# Matrix and scalar multiplication

Say we have the following variables:

• A, a matrix that is nxn in size containing complex numbers
• B, a matrix that is also nxn in size containing complex numbers
• x, a scalar

If you multiply, does it matter whether you multiply in either of the following orders:

• (AB)x
• (Ax)B

if:

• x is a real number
• x is a complex number
• Scalar multiplication is commutative, so no, it doesn't make a difference. May 27 '16 at 20:14
• @DougM I knew it was commutative, but I didn't know whether it was associative with matrices and whether it plays a role that $x$ is in $\mathbb{C}$ and A and B are in $\mathbb{C^{n \cdot n}}$ May 27 '16 at 23:33
• @M.Vinay Thanks for pointing that out. I indeed know that in a lot of cases the brackets are only needed when multiple characters need to be \somefunctionhere'd. I just do it out of force of habit :P May 28 '16 at 2:43

$x(AB)=(xA)B=A(xB)=A(Bx)=(AB)x=(Ax)B$
When matrices are being multiplied by a scalar element, the order in which multiplication takes place can be disregarded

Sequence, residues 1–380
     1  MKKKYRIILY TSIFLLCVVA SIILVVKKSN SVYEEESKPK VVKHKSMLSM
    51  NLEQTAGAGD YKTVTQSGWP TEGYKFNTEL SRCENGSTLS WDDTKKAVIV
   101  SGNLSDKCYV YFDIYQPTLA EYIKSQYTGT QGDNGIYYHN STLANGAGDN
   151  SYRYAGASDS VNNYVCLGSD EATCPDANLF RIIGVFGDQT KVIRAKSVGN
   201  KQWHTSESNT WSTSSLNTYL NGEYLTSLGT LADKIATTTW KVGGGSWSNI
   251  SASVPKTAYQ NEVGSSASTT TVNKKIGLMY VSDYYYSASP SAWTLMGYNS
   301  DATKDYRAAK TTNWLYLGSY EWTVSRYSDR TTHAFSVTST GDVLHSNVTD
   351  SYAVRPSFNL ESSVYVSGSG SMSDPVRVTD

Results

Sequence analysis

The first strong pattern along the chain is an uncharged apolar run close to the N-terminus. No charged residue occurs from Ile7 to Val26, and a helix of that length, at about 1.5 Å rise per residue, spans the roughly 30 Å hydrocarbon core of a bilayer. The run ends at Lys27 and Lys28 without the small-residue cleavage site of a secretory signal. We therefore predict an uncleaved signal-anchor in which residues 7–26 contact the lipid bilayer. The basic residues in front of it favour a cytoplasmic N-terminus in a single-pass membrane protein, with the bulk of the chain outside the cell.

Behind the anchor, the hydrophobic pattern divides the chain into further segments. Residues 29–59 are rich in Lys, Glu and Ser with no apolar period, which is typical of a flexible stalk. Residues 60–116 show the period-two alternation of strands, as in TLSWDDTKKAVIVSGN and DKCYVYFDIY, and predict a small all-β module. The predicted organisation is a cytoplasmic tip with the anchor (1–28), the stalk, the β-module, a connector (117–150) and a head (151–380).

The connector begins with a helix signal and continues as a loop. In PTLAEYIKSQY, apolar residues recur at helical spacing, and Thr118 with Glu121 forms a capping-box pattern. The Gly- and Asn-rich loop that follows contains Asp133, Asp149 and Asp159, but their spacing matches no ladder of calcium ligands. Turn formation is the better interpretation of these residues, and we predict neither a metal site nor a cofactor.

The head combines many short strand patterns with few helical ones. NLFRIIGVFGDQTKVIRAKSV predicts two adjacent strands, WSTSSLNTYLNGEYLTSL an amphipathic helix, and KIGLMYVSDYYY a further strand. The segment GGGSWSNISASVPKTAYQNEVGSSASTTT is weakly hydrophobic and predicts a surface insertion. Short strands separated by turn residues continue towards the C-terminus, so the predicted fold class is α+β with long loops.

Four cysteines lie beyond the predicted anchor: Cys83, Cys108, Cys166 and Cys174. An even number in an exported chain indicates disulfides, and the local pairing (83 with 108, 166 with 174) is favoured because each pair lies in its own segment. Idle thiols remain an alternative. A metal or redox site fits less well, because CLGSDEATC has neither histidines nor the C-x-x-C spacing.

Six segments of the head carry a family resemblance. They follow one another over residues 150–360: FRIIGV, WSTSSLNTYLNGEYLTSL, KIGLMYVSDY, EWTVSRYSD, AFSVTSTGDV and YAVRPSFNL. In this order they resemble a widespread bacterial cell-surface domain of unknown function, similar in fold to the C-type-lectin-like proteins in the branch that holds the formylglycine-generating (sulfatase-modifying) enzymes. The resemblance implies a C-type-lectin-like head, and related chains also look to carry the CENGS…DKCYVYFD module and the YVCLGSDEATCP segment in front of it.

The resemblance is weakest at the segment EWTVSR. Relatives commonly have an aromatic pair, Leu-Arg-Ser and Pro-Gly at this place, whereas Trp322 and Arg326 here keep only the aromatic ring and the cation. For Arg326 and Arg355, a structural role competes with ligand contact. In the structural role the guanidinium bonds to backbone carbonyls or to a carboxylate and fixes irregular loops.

It runs down to the axiom of commutativity of multiplication in fields (a scalar is element of a field) $$\forall a, b \in F: a b = b a$$ and the commutative property of scalar multiplication: $$x A = x(a_1, \dotsc, a_n) = (x a_1, \dots, x a_n) = (a_1 x, \dots, a_n x) = (a_1, \dotsc, a_n) x = A x$$ where $x \in F$ and $A$ is a matrix over $F$. For matrix multiplication we have $$x \sum_j a_{ij} b_{jk} = \sum_j (x a_{ij}) b_{jk} = \sum_j a_{ij} (x b_{jk}) = \left(\sum_j a_{ij} b_{jk} \right) x$$ or $$x(AB) = (xA)B = A(xB) = (AB)x$$

• Ok, that is a very sound explanation for real numbers. I verified that it is also true for complex numbers: a+ib = (a b, -b a) -> (a+ib)(c+id) = (a b, -b a)(c d, -d c) = (ac-bd ad+bc, -(ad+bc) ac-bd) = ac-bd + i(ad+bc). (c+id)(a+ib) = (c d, -d c)(a b, -b a) = (ca-db cb+da, -(cb+da) ca-db) = (ac-bd ad+bc, -(ad+bc) ac-bd) = ac-bd + i(ad+bc) QED May 27 '16 at 23:09
• I also overlooked that you mentioned $∀a,b∈F:ab=ba$, Also, I forgot the formatting for the matrices, can you fix that? I don't have the right to edit after 5 min. May 27 '16 at 23:13
• Complex numbers form a field, so they have commutative multiplication and more.
– mvw
May 27 '16 at 23:19

Scalar multiplication actually is short hand for multiplication by a diagonal matrix full of the scalar. In other words:

$$sA = \left[\begin{array}{ccc}s&0&0\\0&\ddots&0\\0&0&s\end{array}\right]A$$

You can convince yourself that this will be the same when multiplying from the left as from the right.